National Ballet School of Canada | The Canadian Encyclopedia


National Ballet School of Canada

NBS is widely regarded as one of the world's leading dance education establishments. Its students have distinguished themselves as prizewinners in a number of prestigious international ballet competitions.
Student, National Ballet School
Student in ballet class (courtesy National Ballet School).

National Ballet School of Canada

The National Ballet School of Canada (NBS), based in Toronto, is an independent residential and day school for students from grades 6 through 12 offering an integrated program of academic studies and dance instruction for about 150 full-time students. The curriculum is carefully designed to provide a balanced education for those contemplating a professional dance career while also providing an enriched experience for those who may decide to pursue other careers. In addition to its regular program, NBS offers a special intensive ballet program beyond grade 12, a summer school that also functions as an extended audition, and an acclaimed teacher-training program. The school endeavours to be accessible to all talented children through a program of bursaries and scholarships for which it actively solicits private support to supplement its now diminished public funding base. Annual auditions for admission are held in over 22 centres across Canada. Students from abroad are also eligible for admission, and historically NBS has attracted a significant number of foreigners.

NBS is widely regarded as one of the world's leading dance education establishments. Its students have distinguished themselves as prizewinners in a number of prestigious international ballet competitions. Over the years NBS graduates have provided the National Ballet of Canada with some of its finest artists, including Martine Van Hamel, Veronica Tennant, Karen Kain, Frank Augustyn, Kevin Pugh, Rex Harrington, Martine Lamy, John Alleyne and James Kudelka. Although formally separate institutions, a close association has always existed between the school and its original parent organization, the National Ballet of Canada. Students have regularly appeared where required in National Ballet performances and the school remains a major recruitment centre for the company.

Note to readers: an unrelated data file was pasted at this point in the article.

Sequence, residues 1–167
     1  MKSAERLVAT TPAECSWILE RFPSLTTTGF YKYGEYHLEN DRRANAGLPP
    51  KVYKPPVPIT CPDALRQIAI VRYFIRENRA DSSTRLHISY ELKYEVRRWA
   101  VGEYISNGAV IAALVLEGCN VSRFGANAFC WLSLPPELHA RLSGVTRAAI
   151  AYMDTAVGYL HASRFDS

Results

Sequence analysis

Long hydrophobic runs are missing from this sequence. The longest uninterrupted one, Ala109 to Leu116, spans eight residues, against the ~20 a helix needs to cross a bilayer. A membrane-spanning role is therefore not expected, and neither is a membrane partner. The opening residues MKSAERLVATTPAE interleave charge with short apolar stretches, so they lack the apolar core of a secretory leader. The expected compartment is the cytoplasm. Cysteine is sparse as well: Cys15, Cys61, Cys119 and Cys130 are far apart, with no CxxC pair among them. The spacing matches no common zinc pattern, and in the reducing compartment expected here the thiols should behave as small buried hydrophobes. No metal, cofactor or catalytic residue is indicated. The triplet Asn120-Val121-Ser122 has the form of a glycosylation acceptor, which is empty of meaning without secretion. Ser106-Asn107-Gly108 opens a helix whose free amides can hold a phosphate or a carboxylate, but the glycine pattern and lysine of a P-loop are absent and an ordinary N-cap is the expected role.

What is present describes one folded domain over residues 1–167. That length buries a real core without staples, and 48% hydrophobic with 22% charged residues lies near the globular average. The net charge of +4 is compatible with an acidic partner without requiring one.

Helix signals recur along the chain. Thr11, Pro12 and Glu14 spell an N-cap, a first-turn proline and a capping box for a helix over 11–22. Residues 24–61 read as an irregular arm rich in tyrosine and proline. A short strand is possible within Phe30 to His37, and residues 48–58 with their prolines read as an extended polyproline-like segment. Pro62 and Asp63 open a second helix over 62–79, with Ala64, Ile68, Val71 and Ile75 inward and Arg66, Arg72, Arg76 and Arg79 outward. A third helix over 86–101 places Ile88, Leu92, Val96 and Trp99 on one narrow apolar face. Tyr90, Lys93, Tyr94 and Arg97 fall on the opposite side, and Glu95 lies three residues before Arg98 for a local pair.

The school was founded in 1959 by the company's then-artistic director, Celia Franca. Betty Oliphant, its founding principal, was charged with running it. In 1961 the school acquired its own charter as an independent organization, and despite its function as a feeder school for the National Ballet its graduates have often gone on to dance with leading ballet troupes around the world. From small premises in a former Quaker meeting house in downtown Toronto, under Oliphant the school expanded impressively on two main sites to include several large studios, classrooms, a theatre, swimming pool, physiotherapy centre and modern residence block. In recognition of the unusual stresses placed on students in what amounts to an educational hothouse, the school has always placed great emphasis on providing students with professional counselling and career guidance as needed. Under Oliphant, the school developed training techniques that placed great emphasis on an unmannered purity of movement that could adapt itself to the increasingly diverse requirements of today's choreographers.

Mavis Staines was associate director from 1984 and succeeded Oliphant as artistic director and ballet principal in 1989. In 1988 the school opened the Betty Oliphant Theatre, a new training and performance facility on Jarvis Street, in tribute to its first artistic director. Staines has since conducted a thorough review of the school's training methods in recognition of the rapidly changing nature of the dance world and of the extreme stylistic range, from cutting-edge contemporary dance forms to traditional classical ballet, expected of graduates as they move into professional careers. Staines has slowly revamped the dance syllabus to integrate elements drawn from a number of respected ballet training systems, including the famous Russian Vaganova syllabus. She has also placed greater emphasis on modern dance instruction by appointing Peggy Baker as artist-in-residence. In November 1999 the school celebrated its 40th anniversary by hosting Not Just Any Body, an ambitious international conference on the health and welfare of dancers that, via live video link, brought together experts in Toronto and The Hague, Holland. Staines has been successful in building other productive international connections, and currently serves as president of the artistic committee of the respected Prix de Lausanne.

In 2000, NBS's executive director Robert Sirman began an ambitious capital campaign, Project Grand Jeté, to build new studios and residences on Jarvis Street. The impressive Celia Franca Centre was opened in 2005 and stands as a testament to Sirman's public and private fundraising abilities. Sirman left NBS in 2006 to direct the Canada Council for the Arts and was replaced by Jeff Melanson, who put a greater emphasis on NBS's outreach activities.

Canada's National Ballet School remains a prestigious international training institute and an important player in Canada's arts community.

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